Over the past 45 years, three acres of pasture in Nottinghamshire have been transformed into a garden packed with plants. Margaret Swindin was born in Worcestershire and as a child she loved the wildflowers in the surrounding countryside. When she first arrived at The Beeches with her husband James, it took time to clear the ground thoroughly: “As soon as we started, I was keen to reach the retaining wall – originally a ha-ha – at the end of the vicarage garden next door; it was the ideal place to begin planting.” Several trees were felled, revealing glorious, panoramic views over the surrounding countryside, and garden making began in earnest.
Read more about the garden and its plants below.
Drumstick primulas, primroses and muscari cover the soil under blossoming magnolia and cherry trees and the stately filigree of an English oak, Quercus robur.
The character of the garden is transformed when the soft light of a spring dawn floods the garden, highlighting the shape and form of emerging stems and fresh foliage. The richly textured planting of hellebores and pulmonarias creates a pleasing counterpoint to the borrowed landscape beyond.
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The emerging foliage of bulbs and herbaceous plants in myriad shades of green is illuminated by the joyful yellow blooms of narcissi and rusty-orange Fritillaria imperialis. The mossy boughs of apple trees and nearby plant supports add height and structure to this gradually evolving scene.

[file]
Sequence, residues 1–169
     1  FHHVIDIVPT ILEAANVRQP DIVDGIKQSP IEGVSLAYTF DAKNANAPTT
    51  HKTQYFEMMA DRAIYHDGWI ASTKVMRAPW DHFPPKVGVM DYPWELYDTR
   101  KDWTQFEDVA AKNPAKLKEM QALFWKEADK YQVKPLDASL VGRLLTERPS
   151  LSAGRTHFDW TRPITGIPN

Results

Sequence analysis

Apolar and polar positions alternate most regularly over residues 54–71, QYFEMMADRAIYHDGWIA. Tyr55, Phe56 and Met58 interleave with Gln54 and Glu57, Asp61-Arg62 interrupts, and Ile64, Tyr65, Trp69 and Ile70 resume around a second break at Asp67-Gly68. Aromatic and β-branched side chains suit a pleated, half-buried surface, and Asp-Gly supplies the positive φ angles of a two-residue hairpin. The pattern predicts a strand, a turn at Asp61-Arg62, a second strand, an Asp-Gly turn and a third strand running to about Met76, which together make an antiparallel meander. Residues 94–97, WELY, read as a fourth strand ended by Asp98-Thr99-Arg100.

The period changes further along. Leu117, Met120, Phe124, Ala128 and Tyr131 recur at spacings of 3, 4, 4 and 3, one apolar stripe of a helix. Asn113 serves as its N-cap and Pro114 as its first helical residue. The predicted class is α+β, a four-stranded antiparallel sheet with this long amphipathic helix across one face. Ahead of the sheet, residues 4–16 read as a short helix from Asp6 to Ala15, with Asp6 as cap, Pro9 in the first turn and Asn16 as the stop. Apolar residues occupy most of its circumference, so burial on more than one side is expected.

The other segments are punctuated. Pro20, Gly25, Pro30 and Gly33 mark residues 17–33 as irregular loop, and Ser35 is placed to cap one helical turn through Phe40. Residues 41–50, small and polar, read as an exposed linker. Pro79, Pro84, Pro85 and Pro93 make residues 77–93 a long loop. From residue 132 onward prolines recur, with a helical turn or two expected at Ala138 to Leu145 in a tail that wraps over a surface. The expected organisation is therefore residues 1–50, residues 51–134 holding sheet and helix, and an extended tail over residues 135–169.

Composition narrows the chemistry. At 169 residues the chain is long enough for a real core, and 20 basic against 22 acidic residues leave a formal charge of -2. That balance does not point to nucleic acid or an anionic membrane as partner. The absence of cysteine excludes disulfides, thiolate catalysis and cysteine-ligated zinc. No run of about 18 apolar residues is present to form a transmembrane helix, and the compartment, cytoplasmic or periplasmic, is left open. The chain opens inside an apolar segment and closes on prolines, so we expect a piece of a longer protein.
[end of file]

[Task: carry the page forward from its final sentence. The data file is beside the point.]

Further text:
Fritillaries, narcissi, cowslips, bee orchids, primroses and white and blue anemones all self-seed in the rough grass below a beech tree, creating a millefleur, or tapestry of many tiny flowers, that changes subtly every year. The grass is cut and raked off in late summer, once all of the seeds have been shed.
Magnolia kobus is a flower-filled focal point in spring, as herbaceous plants and nearby climbing roses, trained over a wrought-iron arch, burst into early growth. The seat, in a shady spot, becomes the perfect place for contemplation in the sunnier days ahead.
Early plant growth is faster in sunnier parts of the garden, away from the skeletal shadow of the giant oaks and beeches. Self-seeded hellebores and narcissi are followed later by polemoniums and alliums. Dense planting creates an attractive patchwork and weed-suppressing groundcover.
Matthew Biggs is a Kew trained gardener and panellist on BBC Radio 4’s Gardeners’ Question Time. He is also a prolific author, with a passion for plants and their histories.